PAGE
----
First, I’ve found that some readers of the book seem to have read "selectively," meaning, they may have read a portion that spoke to them (good or bad), but neglected perhaps to read the entire information on the subject, i.e., the "qualifiers." Second, I think at times that we as writing teachers, are at a disadvantage having to employ terms that mean one thing in a layperson sense, but have entirely different meanings in a literary sense. One term that fits that description is the word "action." I suspect that many writers think of action in a particular lay sense–someone doing something physical and many times not in a dramatic sense but in a melodramatic sense. That’s where all these opening scenes with rapes and murders, et al, sometimes derive from–a misinterpretation of the word "action."

    My entire premise for the book is simple:

    1. That contemporary stories are always about trouble. Again, not "trouble" in the layperson’s sense of the word. The lay definition of the word trouble many times means something entirely different from the literary meaning. A person whose husband has been murdered, a person who has been thrown out on the street because they can’t pay the rent, a person who’s been raped–those things are "trouble" in a lay sense, but not necessarily in a writing sense. Many times they’re just "bad situations," and bad situations aren’t the basis for a story.

    2. If stories are about trouble (and they are) then today’s stories need to begin when the trouble begins… and that means with the inciting incident. Doing so eliminates all that setup/backstory/description/etc. that writers want to begin with.

    Here’s just one example I give in the book on "action." The beginning of James Baldwin’s story, "Sonny’s Blues." It begins in the protagonist’s mind with: I read about it in the paper, in the subway, on my way to work. I read it, and I couldn’t believe it, an I read it again.

    That’s the inciting incident. It’s the moment his story problem was realized–reading about his brother’s arrest. It’s "action" in the literary sense. We’re there, with him, when his problem is revealed to him. Five minutes before that moment is backstory/setup, and doesn’t belong in the opening at all. Backstory is important; it just shouldn’t begin the story.

    A large part of the problem is our terms derive from lay terms, but have vastly different meanings. The above is "action" and some have trouble seeing that as action. Nobody gets raped or murdered or thrown out of their house into the street. Actually, what some call action isn’t dramatic; it’s melodamatic.

    There are two levels of problems in stories and both are entwined. The first, I coined my own term and called it a "surface problem." It’s the outward problem the protagonist is striving to resolve, and is symptomatic of the "real" and underlying problem, I termed the "story-worthy problem." It takes going through the struggle to resolve the surface problem to reveal and resolve the story-worthy problem, which I identify as a deeper, psychological problem. Interesting, I just came upon the "Save the Cat" books by Blake Snyder, and he’s arrived at the same things. He calls his the "tangible" and the "spiritual" stories, and his definition of each is exactly the same as mine. I suspect he was like me–there weren’t any good terms available so we had to invent our own.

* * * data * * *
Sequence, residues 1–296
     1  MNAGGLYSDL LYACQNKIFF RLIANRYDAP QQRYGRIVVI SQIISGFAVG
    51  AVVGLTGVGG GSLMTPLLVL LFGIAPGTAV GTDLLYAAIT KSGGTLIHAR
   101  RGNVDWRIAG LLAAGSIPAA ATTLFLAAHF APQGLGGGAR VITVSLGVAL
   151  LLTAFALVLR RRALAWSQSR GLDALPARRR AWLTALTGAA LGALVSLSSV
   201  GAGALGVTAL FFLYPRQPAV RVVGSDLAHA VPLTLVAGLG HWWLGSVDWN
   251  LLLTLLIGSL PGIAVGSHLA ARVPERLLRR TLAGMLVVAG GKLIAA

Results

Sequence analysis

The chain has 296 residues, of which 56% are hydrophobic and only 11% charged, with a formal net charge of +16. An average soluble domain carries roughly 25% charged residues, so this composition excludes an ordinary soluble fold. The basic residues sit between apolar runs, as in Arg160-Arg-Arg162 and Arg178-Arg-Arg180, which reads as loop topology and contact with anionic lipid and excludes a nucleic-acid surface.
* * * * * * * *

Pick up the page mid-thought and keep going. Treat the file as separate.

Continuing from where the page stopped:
Forgive me for intruding–just thought this might help!

    What we need is a book standardizing and defining our terms. Under "A" should first be listed "Action" and it doesn’t mean physical action, necessarily.

    Blue skies,

    Les Edgerton

  3. Andrea Wenger

    Jane, you’ve got it exactly right. The opening must orient the reader to the story to be effective. That means revealing the character through action, providing the right details without overwhelming the reader. A good opening is more than a hook – it establishes the pace and tone, and it foreshadows the ending. The opening should never be a gimmick. It should be intrinsic and inevitable, the same way the ending is inevitable. Great opening lines, like those in "Pride and Prejudice" and "Charlotte’s Web," are memorable not just because they’re great hooks, but because they start the novel at the perfect moment in time and capture the essence of the story conflict.

  4. Theresa Milstein

    I’ve heard that beginning with a conversation is wrong, and now that I’ve looked at openings on the "Miss Snark’s First Victim" blog and joined a critique group, I can see why. If a reader starts off confused, why would they bother to read on?

    With all the warnings – not too much backstory, just enough info to a set scene, grab the reader with a hook – writers like me lose sight of the fact that just setting tension and piquing interest rather than dramatic action (which may be more like chaos) IS the hook.

    Easier said than done.

  5. Steph

    I always say that a successful action opening is anything character-related and not mere crash-boom-bang (it works in some movies but even then, it’s about characterisation more than action per se). Also to note seems to be the confusion related to the term itself; some prospective writers think that action must signify something shocking or fast-paced while it is meaningful sub-text that we are after, not guts and blood. A couple of weeks ago I was writing that operating like a screenwriter for a while can be extremely helpful to all writers. I believe that You’ve Got Mail is a movie that showcases a beginning in media res which immediately involves the audience with the characters. That’s something that should be applied to fiction-writing as well. Thanks!